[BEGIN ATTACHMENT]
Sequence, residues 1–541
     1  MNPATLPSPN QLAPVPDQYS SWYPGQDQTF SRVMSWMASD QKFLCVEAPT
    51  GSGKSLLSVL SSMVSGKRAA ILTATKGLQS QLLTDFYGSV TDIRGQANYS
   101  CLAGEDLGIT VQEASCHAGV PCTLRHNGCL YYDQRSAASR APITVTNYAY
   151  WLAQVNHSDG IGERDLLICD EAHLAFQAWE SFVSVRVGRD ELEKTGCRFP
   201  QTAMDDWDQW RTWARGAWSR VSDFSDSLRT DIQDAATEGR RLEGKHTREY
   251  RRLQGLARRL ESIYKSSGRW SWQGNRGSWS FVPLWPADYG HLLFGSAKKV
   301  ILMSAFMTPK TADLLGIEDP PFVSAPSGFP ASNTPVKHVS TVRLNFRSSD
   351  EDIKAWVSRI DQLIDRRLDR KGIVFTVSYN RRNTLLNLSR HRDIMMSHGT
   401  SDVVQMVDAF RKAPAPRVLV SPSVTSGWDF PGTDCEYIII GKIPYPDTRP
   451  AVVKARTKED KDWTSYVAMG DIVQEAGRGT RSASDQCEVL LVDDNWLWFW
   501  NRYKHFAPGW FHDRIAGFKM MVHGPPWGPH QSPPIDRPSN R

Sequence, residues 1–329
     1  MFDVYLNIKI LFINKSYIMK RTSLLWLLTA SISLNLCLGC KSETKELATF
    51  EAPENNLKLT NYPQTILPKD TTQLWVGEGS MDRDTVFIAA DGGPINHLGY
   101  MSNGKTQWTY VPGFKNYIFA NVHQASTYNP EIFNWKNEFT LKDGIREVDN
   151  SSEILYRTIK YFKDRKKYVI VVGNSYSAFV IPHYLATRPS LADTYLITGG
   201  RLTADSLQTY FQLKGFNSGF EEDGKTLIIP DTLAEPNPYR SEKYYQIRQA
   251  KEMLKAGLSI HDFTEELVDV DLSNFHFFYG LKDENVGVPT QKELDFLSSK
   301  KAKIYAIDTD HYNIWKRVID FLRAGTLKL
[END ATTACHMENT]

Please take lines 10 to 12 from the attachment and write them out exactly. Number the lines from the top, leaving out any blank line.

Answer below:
   401  SDVVQMVDAF RKAPAPRVLV SPSVTSGWDF PGTDCEYIII GKIPYPDTRP
   451  AVVKARTKED KDWTSYVAMG DIVQEAGRGT RSASDQCEVL LVDDNWLWFW
   501  NRYKHFAPGW FHDRIAGFKM MVHGPPWGPH QSPPIDRPSN R